I Wasn't Crazy
Last updated: May 2023
Ever since I can remember I always knew something was off for me.
Always falling asleep
I would frequently get sick and go through strange episodes of different symptoms that would go unexplained. The biggest complaint was fatigue and my neck and back always bothered me. In my younger years, I was always the girl who would fall asleep anywhere I could curl up, basically.
Fast forward to when I turned 30 and removed my IUD to get pregnant. After a full year off of birth control, my fatigue really kicked into overdrive, brain fog started to set in with headaches and nausea daily. I started having panic attacks and major depression, and lots of joint pain. That summer, I started getting rashes on my neck and face that would not go away. I also miscarried early on, so my doctor did some labs. Some of the labs indicated inflammation, so she had me follow up more with my PCP where he did more extensive labs after I told him everything. I never would have thought that I had Lupus nor would I figure that out on my infertility journey.
Getting a diagnosis
I was officially diagnosed with APS first, which explained the miscarriage and issue of getting pregnant. After more evaluation, I was told I had Lupus as well. It was a relief to know I was not crazy my entire life, but also a complete shock to me. It has officially been a year since I was diagnosed and it has been a wild ride. I use to live so freely, and now I try really hard to make sure I take the best care of myself so I can feel good. Some days are hard, and some days I want to lay in bed because everything hurts, and I have no energy to give. When I do have a good day, I am like a superwoman trying to catch up on everything I neglected on my bad days. I have to ration my energy throughout the day.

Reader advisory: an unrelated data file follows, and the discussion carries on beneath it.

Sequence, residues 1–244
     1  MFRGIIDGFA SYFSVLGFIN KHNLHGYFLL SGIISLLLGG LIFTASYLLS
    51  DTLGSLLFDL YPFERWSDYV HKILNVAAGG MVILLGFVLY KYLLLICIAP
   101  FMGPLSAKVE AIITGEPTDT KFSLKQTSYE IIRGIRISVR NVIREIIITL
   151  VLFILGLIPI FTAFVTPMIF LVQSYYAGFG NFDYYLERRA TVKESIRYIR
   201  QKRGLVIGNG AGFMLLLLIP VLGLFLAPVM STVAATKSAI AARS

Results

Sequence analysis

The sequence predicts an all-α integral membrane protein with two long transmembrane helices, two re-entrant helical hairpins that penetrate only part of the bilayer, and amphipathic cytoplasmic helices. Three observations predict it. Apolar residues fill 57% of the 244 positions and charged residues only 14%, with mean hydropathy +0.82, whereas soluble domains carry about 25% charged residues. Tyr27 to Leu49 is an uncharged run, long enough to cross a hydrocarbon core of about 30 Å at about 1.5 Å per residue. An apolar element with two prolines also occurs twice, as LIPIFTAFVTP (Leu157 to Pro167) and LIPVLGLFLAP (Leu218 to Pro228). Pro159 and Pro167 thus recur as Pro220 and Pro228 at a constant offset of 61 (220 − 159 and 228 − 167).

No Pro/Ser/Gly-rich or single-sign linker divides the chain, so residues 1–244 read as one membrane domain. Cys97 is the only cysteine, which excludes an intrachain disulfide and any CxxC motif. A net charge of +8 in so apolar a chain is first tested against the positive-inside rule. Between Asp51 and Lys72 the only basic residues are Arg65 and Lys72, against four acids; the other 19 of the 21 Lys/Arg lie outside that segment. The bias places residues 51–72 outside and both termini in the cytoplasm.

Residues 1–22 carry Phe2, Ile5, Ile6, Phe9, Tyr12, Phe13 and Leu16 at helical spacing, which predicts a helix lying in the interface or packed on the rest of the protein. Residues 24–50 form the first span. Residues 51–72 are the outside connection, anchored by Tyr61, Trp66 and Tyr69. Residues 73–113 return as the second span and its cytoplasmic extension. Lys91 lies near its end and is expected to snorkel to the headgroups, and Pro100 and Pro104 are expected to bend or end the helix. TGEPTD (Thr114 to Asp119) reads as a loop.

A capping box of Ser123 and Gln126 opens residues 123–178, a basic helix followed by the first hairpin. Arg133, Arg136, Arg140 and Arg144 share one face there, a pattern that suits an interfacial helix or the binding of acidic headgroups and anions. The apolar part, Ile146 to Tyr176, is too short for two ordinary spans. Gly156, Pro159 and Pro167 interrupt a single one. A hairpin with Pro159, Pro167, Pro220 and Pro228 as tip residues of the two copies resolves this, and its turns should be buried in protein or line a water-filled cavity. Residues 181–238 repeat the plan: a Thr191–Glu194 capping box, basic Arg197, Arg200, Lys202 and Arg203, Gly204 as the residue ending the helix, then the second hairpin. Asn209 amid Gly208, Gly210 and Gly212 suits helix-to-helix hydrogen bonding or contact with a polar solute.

I work full time and nap in my car on lunch so I can make it through the rest of the day. I have adapted to eating very clean, which has been very helpful, but if I decide to indulge with friends, I end up feeling it, so it always comes with a price. Mentally it has taken a big toll on me just because I can't be the person I used to be. I miss the old me, but I have also grown so much from this journey and enjoy helping others going through similar situations.
How are you most likely to respond when someone offers you unsolicited advice about your lupus?